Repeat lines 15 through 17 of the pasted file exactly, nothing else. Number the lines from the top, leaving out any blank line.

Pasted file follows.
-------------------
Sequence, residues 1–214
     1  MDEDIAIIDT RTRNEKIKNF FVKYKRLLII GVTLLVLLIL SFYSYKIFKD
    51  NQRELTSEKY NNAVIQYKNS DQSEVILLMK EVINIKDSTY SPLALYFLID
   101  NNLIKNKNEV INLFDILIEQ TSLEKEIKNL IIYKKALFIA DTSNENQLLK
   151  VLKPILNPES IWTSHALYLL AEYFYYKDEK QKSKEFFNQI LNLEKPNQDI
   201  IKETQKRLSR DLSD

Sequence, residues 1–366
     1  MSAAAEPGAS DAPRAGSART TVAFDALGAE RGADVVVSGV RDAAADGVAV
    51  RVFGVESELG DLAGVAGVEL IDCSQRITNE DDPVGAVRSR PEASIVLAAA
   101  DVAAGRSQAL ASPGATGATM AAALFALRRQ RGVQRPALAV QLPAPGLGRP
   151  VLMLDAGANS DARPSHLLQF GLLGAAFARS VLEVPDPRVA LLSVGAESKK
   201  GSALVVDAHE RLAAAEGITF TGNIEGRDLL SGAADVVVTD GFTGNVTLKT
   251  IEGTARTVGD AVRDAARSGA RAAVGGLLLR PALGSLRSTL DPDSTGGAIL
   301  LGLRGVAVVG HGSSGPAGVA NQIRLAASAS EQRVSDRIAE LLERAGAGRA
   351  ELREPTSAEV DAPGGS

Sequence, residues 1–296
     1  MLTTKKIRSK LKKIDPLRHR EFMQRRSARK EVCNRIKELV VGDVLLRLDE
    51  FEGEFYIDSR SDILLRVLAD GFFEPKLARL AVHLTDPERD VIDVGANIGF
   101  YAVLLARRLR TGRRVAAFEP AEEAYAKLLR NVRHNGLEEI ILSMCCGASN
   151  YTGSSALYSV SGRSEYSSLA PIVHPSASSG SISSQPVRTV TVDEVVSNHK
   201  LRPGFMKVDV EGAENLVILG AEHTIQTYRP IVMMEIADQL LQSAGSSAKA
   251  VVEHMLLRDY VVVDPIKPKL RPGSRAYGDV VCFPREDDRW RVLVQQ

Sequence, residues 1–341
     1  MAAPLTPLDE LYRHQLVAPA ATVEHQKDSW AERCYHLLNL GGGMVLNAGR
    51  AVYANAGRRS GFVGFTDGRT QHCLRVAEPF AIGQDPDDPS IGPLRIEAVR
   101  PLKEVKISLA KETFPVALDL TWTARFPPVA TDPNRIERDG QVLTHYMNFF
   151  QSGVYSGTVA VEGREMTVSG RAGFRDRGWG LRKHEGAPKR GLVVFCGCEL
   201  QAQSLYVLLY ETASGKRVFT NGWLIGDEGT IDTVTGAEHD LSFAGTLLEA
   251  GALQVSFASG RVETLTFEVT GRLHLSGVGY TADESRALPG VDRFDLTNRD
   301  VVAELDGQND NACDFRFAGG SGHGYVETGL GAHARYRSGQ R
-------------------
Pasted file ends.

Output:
   351  ELREPTSAEV DAPGGS

Sequence, residues 1–296
     1  MLTTKKIRSK LKKIDPLRHR EFMQRRSARK EVCNRIKELV VGDVLLRLDE